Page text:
2-fer is short for two for one. One for you and one for me.
"One for X, one for me."
When X is a name or "you".
If the given name is "Alice", the result should be "One for Alice, one for me." If no name is given, the result should be "One for you, one for me."
It's possible to submit an incomplete solution so you can see how others have completed the exercise.
;;; two-fer-test.el --- Tests for Two-fer (exercism) ;;; Commentary: ;; Common test data version: 1.2.0 4fc1acb ;;; Code: (load-file "two-fer.el") (ert-deftest no-name-given () (should (equal (two-fer) "One for you, one for me."))) (ert-deftest a-name-given () (should (equal (two-fer "Alice") "One for Alice, one for me."))) (ert-deftest another-name-given () (should (equal (two-fer "Bob") "One for Bob, one for me."))) (provide 'two-fer-test) ;;; two-fer-test.el ends here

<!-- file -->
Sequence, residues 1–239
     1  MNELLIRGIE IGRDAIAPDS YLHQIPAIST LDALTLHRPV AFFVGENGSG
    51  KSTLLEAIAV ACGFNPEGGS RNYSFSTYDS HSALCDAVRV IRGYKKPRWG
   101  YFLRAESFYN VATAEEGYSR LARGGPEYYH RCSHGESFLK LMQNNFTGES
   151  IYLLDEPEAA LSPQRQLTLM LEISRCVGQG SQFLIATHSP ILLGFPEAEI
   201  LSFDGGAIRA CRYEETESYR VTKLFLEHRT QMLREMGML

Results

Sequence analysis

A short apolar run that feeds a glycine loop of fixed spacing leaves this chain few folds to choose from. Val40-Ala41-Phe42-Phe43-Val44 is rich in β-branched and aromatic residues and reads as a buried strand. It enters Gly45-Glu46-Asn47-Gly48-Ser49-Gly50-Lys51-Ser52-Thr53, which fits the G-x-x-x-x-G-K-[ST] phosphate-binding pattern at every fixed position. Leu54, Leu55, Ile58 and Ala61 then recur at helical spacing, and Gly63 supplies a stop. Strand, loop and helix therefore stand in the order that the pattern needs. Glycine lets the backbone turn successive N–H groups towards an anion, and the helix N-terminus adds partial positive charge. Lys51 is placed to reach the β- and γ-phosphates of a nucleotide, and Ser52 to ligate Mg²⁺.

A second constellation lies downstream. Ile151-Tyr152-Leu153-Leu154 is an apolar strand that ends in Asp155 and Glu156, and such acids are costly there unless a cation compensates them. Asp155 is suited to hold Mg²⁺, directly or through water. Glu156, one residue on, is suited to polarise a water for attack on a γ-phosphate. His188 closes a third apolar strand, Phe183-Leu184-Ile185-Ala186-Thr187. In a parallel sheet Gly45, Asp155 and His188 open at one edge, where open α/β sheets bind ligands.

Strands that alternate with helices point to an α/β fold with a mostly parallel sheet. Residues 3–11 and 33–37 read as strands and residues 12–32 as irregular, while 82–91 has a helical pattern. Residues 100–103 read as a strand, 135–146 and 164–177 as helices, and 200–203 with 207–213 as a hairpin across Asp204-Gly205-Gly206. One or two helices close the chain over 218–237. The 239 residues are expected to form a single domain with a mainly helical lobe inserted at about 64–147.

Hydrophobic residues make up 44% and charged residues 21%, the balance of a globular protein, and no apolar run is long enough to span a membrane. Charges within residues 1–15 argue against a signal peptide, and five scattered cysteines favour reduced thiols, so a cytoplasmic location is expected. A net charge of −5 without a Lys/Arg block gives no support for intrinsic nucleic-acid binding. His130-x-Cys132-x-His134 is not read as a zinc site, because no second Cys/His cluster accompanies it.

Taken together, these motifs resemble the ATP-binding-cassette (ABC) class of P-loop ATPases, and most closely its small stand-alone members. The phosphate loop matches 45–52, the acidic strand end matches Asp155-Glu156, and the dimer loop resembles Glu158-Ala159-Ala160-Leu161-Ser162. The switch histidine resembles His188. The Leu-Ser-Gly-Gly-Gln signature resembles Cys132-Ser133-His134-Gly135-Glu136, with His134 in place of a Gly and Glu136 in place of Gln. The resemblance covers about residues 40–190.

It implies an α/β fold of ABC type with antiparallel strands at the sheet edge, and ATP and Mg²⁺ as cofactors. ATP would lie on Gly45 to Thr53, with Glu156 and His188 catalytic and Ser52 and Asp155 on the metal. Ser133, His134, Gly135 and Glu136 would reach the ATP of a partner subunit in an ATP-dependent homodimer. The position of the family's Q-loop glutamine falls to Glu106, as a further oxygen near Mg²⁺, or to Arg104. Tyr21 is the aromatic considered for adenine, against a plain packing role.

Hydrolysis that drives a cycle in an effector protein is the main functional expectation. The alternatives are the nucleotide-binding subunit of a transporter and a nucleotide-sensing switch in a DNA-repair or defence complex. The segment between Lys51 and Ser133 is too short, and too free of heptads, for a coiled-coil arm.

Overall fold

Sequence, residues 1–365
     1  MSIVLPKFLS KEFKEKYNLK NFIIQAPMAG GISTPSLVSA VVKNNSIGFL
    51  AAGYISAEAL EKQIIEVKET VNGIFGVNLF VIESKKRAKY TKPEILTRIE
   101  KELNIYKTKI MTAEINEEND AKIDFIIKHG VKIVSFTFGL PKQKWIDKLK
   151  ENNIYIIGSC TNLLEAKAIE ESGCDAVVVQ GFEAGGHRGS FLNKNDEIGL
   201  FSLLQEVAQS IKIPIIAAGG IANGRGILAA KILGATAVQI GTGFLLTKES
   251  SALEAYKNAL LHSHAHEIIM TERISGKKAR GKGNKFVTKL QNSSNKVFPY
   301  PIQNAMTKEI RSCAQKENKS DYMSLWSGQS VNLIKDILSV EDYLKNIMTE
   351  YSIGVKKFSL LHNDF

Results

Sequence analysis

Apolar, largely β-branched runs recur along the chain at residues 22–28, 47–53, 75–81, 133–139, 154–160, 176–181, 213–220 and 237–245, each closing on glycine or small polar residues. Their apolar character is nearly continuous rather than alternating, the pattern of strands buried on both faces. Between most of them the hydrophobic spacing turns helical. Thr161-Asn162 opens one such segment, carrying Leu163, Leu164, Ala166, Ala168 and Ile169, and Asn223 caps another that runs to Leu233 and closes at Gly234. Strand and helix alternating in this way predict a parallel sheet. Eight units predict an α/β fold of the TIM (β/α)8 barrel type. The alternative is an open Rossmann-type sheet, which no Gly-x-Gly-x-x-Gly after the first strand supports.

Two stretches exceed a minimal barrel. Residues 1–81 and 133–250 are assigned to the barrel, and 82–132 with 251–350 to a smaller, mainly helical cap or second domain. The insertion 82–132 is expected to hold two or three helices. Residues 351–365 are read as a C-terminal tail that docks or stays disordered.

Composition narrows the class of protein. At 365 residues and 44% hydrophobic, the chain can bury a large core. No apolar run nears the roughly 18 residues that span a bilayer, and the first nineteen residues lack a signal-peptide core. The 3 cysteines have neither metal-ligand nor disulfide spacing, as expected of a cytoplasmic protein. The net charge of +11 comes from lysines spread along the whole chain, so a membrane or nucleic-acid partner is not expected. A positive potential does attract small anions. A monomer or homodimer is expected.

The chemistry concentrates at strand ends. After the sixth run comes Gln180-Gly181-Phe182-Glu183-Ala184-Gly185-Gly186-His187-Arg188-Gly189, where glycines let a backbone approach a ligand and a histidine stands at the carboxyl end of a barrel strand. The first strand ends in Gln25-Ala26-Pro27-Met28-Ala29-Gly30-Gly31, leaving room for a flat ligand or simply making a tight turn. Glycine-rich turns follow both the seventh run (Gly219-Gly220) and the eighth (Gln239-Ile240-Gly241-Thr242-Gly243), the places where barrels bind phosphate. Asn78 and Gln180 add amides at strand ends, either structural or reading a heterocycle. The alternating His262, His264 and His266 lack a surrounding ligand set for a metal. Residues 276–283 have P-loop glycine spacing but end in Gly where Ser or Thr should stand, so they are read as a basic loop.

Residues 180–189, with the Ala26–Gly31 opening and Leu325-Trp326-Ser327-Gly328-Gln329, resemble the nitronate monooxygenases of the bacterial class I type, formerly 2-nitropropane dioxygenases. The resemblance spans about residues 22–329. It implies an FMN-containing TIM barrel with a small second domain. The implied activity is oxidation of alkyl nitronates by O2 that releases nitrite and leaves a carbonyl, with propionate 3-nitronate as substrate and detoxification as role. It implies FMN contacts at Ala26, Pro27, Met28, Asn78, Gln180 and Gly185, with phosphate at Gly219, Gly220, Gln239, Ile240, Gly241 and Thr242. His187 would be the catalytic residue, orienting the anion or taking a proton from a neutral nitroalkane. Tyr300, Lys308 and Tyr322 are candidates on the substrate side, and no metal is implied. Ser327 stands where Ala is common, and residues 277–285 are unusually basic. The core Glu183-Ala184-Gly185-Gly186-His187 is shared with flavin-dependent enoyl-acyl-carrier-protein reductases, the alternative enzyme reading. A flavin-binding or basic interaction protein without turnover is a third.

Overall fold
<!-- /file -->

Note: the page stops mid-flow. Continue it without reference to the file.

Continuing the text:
;;; two-fer.el --- Two-fer Exercise (exercism) ;;; Commentary: ;;; Use local variable for name. ;;; Use or macro for checking whether passed name argument has a value. ;;; Code: (defun two-fer (&optional name) (let ((name (or name "you"))) (format "One for %s, one for me." name))) (provide 'two-fer) ;;; two-fer.el ends here
I learned from my mentor to use `let` to scope variables locally (as opposed to setq which I was using previously). I also learned the `or` macro as an alternative to an if conditional.